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More people should read this post Jim. You have to motivate employees the best you can but in the end, it'll be up to them to decide to perform. Accountability is a lost art sometimes

It was all said long ago in the Harvard Law of Behavior created by B. F. Skinner's grad students: "Under carefully controlled laboratory conditions where all outside influences are monitored and fully controlled, the experimental subject will do as it damn well pleases."

This post doesn't disappoint! There are factors and behaviors that suck the life out of motivation but no one 'owns' it but you.

None the less, compensation programs can have a motivational or demotivational impact on employees. The examples you point to - none of which I take exception to - are all outside the workplace. Yes, we have much more personal responsibility for our life destiny. But a teacher CAN motivate or demotivate. It may not be their (only) responsibility, but they can do it. Just as a parent, or a peer, or a mentor can. The question for a compensation scheme, in my mind, is not whether it should motivate; but rather, whether it can.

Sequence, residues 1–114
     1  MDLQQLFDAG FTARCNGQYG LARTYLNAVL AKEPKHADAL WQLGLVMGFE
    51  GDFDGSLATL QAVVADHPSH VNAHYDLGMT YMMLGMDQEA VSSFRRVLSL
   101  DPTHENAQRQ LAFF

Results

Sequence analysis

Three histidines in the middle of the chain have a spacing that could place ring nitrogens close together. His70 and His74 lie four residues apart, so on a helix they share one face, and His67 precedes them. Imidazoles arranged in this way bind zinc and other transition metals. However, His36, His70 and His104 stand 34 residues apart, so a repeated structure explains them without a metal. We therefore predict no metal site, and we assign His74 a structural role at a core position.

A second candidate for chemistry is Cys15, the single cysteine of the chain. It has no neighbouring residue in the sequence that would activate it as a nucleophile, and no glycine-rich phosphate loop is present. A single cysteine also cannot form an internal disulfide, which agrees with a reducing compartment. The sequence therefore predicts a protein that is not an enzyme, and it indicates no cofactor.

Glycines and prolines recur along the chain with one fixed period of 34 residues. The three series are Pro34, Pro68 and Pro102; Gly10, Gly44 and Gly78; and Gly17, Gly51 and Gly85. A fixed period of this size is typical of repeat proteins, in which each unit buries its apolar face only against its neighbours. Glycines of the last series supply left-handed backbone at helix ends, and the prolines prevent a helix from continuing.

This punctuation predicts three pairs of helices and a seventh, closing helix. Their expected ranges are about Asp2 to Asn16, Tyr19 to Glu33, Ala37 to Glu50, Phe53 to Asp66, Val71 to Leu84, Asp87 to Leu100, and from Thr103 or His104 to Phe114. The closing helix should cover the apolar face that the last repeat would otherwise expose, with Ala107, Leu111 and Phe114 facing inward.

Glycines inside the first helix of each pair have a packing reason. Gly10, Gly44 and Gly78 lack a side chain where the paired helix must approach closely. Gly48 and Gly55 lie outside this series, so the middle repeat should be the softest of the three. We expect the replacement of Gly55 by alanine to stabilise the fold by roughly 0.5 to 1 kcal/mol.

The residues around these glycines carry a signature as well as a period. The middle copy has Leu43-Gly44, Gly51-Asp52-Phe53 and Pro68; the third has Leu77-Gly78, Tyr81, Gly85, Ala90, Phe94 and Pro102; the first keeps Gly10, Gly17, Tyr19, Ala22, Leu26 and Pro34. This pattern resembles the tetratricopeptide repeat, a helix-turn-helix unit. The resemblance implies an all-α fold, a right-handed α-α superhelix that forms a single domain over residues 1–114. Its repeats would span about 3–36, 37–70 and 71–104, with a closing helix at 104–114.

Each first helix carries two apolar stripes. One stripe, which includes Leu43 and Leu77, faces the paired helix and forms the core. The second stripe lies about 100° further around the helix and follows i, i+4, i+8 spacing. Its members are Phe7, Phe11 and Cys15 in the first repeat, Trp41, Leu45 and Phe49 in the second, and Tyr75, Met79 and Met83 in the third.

Agreed, mostly; but we can't MAKE someone care. All we can do is efficiently tailor our inducements to the motivations of our people. We dangle what we hope are attractive goodies, but they pick and choose, based on their own motivations. Our corporate maternity care coverage does not inspire me due to my age and sex, but other elements of our total reward package are quite attractive to me. Rewards and punishments are essentially subjective.

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